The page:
Yesterday I surprised myself. Also, the day before. And today. In fact, every day. I surprise myself when my view of life changes from what it was before.
Which isn't really surprising, since life is full of change. It could even be said that life is change. Hearts beat. Lungs breathe. Neurons fire. When life becomes unchanging, that's called death.
The surprise that brought this blog post to life was me saying in a comment that I agreed with what another commenter had said about theistic religions being more satisfying. I wrote:
You might be surprised to hear this, but I also agree that theistic religions tend to be more satisfying than non-theistic faiths like Buddhism. This seems to be why so many Buddhists look upon the Buddha as a divine being rather than a mere teacher. And why prayer wheels, repeating Namu Amida Butsu as a mantra, and such are more popular than following the breath in meditation. My problem is that while I can occasionally pretend that I believe in a personal divine being, I really don't, so my occasional half-hearted attempts at embracing theism don't get me very far.
So I'm a devout atheist who dabbles occasionally with believing in a god, in sort of the same way as I'm a raspberry jam lover who occasionally buys a different flavor to put on my morning toast, but so far I've always returned to raspberry after a brief dalliance with another type of jam.
Walt Whitman, the poet, famously said:
Do I contradict myself?
Very well then I contradict myself,
(I am large, I contain multitudes.)
We all do. There isn't a single stable unchanging "me" or "you" or "them" anywhere to be found. We all contain multitudes. We all contradict ourselves.
Religious believers contain a bit of atheism, just as atheists contain a bit of religious belief. Faithful spouses contain a bit of promiscuity, just as promiscuous people contain a bit of faithful spouse'ness. Liberals contain a bit of conservatism, just as conservatives contain a bit of liberalism.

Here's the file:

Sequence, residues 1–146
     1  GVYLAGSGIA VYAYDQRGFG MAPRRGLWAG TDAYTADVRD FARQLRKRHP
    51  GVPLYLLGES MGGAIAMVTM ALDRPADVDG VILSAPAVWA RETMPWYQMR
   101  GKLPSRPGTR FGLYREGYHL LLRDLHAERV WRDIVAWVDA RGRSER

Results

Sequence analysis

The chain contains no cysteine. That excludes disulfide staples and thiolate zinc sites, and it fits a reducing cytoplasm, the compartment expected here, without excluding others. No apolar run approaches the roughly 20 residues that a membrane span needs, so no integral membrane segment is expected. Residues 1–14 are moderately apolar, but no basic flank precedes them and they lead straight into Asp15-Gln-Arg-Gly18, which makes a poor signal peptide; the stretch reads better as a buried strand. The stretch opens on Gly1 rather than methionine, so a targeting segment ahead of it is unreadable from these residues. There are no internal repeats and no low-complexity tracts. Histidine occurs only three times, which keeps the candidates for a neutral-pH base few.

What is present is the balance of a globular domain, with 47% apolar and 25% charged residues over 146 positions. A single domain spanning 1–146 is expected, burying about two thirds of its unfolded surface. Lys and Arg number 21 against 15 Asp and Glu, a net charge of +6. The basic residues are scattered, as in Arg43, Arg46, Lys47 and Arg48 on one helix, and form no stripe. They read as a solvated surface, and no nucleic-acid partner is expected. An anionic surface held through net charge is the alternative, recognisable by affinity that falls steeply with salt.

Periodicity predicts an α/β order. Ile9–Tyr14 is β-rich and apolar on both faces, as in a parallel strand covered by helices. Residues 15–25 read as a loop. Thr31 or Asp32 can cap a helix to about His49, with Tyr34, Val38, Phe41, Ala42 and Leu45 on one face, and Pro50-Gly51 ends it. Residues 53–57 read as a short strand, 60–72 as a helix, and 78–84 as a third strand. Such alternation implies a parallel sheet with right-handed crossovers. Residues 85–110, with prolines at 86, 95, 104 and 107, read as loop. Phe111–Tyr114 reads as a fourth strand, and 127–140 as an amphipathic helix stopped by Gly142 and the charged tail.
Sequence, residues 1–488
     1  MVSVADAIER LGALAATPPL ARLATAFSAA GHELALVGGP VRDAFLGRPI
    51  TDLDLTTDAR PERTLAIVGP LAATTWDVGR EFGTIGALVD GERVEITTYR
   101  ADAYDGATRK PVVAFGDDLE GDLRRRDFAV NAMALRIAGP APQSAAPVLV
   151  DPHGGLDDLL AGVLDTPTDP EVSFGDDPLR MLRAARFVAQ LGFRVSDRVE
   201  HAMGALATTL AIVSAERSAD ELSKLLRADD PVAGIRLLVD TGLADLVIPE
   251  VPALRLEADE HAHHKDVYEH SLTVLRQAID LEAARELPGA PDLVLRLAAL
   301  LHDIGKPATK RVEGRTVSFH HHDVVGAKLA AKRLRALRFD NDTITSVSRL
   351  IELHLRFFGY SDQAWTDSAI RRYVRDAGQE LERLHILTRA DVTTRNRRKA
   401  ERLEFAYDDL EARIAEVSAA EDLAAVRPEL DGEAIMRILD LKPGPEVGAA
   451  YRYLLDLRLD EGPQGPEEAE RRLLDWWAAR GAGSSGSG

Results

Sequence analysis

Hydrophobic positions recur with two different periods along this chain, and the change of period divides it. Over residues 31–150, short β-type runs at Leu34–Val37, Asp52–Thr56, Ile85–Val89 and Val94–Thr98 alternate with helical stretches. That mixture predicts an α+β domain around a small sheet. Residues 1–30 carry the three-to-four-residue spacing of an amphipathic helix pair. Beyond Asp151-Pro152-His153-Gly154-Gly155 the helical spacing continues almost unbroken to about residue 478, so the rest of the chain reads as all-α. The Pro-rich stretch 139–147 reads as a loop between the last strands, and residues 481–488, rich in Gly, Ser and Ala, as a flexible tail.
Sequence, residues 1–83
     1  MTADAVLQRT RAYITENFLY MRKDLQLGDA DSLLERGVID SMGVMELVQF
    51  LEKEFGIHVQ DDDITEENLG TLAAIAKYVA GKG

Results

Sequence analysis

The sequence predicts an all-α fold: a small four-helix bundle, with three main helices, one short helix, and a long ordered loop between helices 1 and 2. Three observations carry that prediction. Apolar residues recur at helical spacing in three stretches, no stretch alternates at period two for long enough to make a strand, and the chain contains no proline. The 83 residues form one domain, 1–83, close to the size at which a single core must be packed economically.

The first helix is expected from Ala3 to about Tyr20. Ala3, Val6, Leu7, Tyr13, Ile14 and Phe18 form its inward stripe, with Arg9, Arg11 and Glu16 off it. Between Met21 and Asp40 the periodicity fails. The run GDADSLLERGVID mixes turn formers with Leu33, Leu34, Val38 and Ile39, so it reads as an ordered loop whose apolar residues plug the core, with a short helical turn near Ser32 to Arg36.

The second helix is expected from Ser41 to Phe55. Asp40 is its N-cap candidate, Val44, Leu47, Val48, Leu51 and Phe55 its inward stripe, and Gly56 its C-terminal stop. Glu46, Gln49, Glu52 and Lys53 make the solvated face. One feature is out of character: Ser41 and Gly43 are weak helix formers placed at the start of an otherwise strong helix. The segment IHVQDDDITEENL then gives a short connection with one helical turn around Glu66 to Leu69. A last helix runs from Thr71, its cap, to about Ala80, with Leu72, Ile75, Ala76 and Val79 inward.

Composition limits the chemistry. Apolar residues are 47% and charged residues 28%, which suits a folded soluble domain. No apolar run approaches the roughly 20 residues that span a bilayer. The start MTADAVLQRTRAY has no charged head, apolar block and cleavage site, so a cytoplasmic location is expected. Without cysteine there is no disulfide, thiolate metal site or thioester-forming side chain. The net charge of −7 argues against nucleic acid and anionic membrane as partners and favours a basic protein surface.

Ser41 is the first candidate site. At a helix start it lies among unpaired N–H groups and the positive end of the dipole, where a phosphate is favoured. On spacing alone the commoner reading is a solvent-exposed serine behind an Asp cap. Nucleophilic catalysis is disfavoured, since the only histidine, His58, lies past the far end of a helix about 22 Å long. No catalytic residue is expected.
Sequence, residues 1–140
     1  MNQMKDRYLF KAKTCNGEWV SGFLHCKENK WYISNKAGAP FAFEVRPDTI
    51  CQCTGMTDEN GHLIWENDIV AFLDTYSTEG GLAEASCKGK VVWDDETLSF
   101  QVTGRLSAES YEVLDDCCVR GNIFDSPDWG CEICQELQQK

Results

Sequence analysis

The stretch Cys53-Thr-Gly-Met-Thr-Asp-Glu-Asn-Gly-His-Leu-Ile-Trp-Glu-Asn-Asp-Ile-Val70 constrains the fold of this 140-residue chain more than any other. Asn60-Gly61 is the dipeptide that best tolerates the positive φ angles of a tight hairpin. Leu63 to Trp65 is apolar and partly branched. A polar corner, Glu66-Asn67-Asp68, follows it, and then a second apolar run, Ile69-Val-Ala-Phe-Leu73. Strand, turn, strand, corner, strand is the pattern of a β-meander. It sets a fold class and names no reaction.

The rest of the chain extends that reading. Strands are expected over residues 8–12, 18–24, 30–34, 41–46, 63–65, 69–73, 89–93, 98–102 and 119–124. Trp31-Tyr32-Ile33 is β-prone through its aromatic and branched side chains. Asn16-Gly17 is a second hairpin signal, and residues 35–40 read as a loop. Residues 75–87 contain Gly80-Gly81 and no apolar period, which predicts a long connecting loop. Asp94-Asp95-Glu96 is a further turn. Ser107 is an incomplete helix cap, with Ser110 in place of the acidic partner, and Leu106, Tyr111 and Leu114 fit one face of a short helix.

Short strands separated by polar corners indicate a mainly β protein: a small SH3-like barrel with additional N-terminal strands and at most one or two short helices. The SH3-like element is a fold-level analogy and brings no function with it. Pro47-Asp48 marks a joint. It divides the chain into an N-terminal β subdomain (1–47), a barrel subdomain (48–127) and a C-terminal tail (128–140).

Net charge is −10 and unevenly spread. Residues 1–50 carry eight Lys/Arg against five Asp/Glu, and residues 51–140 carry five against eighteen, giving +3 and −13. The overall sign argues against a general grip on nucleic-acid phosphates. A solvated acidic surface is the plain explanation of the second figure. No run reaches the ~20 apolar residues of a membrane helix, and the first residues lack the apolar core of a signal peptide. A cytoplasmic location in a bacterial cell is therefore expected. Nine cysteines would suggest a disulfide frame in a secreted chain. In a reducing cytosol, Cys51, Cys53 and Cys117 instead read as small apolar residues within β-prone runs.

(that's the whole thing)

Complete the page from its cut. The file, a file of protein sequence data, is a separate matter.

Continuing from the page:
Those bits may be mostly hidden, barely recognized, rarely or never acted upon.
However, to be human is to be complicated. We may try to put on a simple consistent face to the world, but within us there's always the potential of being a considerably different person than we are now.
This is beautiful.
The multitudes that comprise each of us are hugely more interesting than a solitary unchanging self would be. Our capacity to be many, not one, allows for growth, development, progress, unpredictability, creativity.
Imagine how blah a movie about the life of someone with no contradictions would be. It wouldn't take long before we'd become bored with the character, since there would be little drama to them.
When my wife and I started watching Ted Lasso on Apple TV+, I grew worried after the first few episodes. Lasso was so upbeat and positive in every circumstance, he seemed one-dimensional, not all that interesting.
Gradually, though, we got to know Ted Lasso in more depth, thanks to excellent writing and plot lines. The darker side of Lasso was exposed. We got insights into why his demeanor is usually so cheerful, and why sometimes he falls into despair (and panic attacks).
I never felt that the Ted Lasso character got diminished as the multitudes within him were revealed, not just the original Happy Face Lasso. With every contradiction that came to light, Lasso became more interesting and human, not less.
A commentary on Whitman's poem includes this passage:
What are arguably Whitman’s most famous lines appear here: “Do I contradict myself? / Very well then I contradict myself, / (I am large, I contain multitudes.)”
Whitman is recasting one of Ralph Waldo Emerson’s central ideas: “A foolish consistency is the hobgoblin of little minds, adored by little statesmen and philosophers and divines. . . . Speak what you think now in hard words, and to-morrow speak what to-morrow thinks in hard words again, though it contradict every thing you said to-day. . . . To be great is to be misunderstood.”
For Whitman, as we have seen, the self is a continually evolving and expanding entity, and new experiences will always broaden and challenge and upset what a self believed earlier.
We must learn to be grateful to arrive at contradictions and to cultivate a sense of a self open and aware enough to “speak against” (the root meaning of “contradict”) the self that existed yesterday.
As “Song of Myself” has demonstrated throughout, a self that does not change is a stunted identity, dead to the transforming stimuli of the multitudinous world around us, stimuli that include the transforming words of this poem.